To store to a string, you need to use one of the string variables. They can be found in the VARS section, found by pressing [VARS]. In this menu, you want the 7th menu option, String.... This gives you a list of 10 string variables that you can use, Str1-Str0.

Store to Str1 like this: "HELLO WORLD!Str1

There are some commands that deal strictly with strings; sub(, InString(, and Length(. The easiest command is Length(, and will be the first to be discussed.

The Length( command returns the amount of characters in a string or string variable. You can store the value to a variable, or let Ans hold on to the value for a short time. The command syntax is extremely easy to understand. You can use the following syntaxes: Length(Str1       Length("ABCDEFG"    

The sub( command allows you to access parts of a string. The syntax for the command is sub(Str1,start of string,length of string. What this means is that you tell the sub( command what string to pull from, where in the string to start at, and how many characters to go, to the right of the starting point. You can also take a part of a string, and store to another string. The sub( command can also be used to check what character is in a certain part of a string. This will be covered in the hit detection lesson.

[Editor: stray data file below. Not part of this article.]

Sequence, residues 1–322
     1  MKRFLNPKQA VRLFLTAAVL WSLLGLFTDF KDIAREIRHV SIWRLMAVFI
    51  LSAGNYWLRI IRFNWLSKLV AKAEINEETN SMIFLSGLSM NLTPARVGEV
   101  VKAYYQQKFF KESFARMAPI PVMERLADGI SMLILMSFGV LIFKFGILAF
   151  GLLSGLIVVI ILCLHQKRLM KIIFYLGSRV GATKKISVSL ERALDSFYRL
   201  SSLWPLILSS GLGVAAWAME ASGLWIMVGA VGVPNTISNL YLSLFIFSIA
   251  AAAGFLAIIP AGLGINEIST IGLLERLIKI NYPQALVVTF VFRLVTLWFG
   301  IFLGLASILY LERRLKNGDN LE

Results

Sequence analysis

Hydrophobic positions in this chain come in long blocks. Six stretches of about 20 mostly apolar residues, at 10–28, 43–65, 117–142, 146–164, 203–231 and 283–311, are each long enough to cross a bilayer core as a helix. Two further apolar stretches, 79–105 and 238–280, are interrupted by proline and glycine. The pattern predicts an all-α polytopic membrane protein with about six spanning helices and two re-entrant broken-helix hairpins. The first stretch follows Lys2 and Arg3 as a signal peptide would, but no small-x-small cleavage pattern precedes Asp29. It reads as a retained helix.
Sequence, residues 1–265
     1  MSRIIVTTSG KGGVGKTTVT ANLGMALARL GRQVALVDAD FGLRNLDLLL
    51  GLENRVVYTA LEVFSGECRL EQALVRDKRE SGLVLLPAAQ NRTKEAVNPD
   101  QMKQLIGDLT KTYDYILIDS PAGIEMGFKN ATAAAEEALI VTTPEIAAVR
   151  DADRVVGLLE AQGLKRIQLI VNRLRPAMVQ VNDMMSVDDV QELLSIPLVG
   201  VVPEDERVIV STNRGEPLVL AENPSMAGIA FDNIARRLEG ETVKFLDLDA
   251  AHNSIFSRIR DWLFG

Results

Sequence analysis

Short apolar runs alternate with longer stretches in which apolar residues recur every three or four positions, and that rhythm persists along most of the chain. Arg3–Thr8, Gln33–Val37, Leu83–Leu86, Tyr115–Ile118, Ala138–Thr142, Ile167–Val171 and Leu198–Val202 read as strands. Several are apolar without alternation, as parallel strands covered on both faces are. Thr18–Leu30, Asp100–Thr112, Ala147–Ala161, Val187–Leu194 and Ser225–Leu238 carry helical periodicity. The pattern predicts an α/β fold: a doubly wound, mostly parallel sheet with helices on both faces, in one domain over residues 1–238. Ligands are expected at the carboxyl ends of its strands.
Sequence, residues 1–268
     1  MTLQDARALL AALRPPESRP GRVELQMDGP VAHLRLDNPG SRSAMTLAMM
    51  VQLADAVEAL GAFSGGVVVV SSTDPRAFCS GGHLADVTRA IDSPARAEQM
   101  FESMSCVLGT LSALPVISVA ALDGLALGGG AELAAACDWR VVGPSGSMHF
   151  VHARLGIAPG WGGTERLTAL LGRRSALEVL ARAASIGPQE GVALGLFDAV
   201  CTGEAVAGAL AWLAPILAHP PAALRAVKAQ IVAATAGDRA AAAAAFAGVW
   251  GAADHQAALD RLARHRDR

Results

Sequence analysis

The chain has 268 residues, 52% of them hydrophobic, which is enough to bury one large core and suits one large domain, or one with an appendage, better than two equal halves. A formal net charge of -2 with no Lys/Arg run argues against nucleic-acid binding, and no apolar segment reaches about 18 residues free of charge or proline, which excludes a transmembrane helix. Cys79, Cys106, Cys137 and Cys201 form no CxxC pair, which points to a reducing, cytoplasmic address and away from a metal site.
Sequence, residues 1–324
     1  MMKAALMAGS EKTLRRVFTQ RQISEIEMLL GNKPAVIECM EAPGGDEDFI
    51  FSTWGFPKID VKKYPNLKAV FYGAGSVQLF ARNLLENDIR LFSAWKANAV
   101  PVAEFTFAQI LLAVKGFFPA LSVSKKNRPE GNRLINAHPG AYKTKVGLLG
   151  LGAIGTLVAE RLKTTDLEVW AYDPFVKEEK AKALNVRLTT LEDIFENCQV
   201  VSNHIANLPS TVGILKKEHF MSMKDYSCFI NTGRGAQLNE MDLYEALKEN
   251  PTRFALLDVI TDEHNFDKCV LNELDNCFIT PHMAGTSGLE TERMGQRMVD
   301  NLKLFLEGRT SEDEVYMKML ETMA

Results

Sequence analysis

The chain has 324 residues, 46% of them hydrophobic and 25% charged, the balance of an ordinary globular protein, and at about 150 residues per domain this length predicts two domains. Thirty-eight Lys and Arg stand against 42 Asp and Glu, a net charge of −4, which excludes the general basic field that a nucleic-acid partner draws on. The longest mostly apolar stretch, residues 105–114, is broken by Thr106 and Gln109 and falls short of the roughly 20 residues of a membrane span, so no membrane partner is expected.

Here is a screenshot of sub( in action:

InString( is a nice command that checks to see if a character or string is stored within a string, and returns the position of where it first encounters it in the string. You can also use the optional character position to tell InString( where to start looking. The syntax for this command is this: InString(Str1,"O",6      

Another thing about strings is the ability to concatenate, or add, strings together. You can add strings either by storing them in string variables, and adding them together, or you can add a string to a string variable, like in this screenshot:


The Ans variable is the best one that TI thought to put on the calculator. The reason being is that it can be ANY of the varaibales discussed above. The only problem with the Ans variable is that anything that can be stored to a variable, either through an equation, or string, will update Ans. So Ans does not make for good data storage, but works very well for temporary data storage.

Command definitions for this lesson:

dim(: This command sets the dimension of a list or matrix, without overwriting data already stored in the list or matrix variable.

Fill(: This command fills a list or matrix with a value.

InString(: This command will look in a string, and compare to another string, and return where in the first string the second string shows up. Can also 
be set to start at a certain point in the first string.

L: This command allows you to create lists with curstom names.

length(: length( returns the number of characters in a string, can be stored to a variable.

SetUpEditor: This command will create a list variable, or unarchive it if it is archived. Very handy to keep from getting errors.

sub(: sub( can be used to access a certain character or characters within a string.

These commands are very important for making a good game, whether it is an RPG, or other type, because if you didn't have these things, manipulation of data would be impossible.